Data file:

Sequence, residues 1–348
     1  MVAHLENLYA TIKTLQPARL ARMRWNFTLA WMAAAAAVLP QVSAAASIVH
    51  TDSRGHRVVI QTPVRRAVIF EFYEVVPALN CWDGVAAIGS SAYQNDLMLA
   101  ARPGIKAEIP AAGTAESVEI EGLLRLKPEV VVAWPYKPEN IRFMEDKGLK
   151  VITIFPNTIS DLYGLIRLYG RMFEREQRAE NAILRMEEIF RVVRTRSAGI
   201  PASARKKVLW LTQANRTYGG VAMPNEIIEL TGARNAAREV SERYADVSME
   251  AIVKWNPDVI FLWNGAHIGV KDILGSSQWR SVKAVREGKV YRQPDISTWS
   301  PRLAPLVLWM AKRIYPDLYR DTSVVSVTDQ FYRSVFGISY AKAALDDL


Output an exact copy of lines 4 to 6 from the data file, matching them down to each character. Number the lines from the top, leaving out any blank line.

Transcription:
   101  ARPGIKAEIP AAGTAESVEI EGLLRLKPEV VVAWPYKPEN IRFMEDKGLK
   151  VITIFPNTIS DLYGLIRLYG RMFEREQRAE NAILRMEEIF RVVRTRSAGI
   201  PASARKKVLW LTQANRTYGG VAMPNEIIEL TGARNAAREV SERYADVSME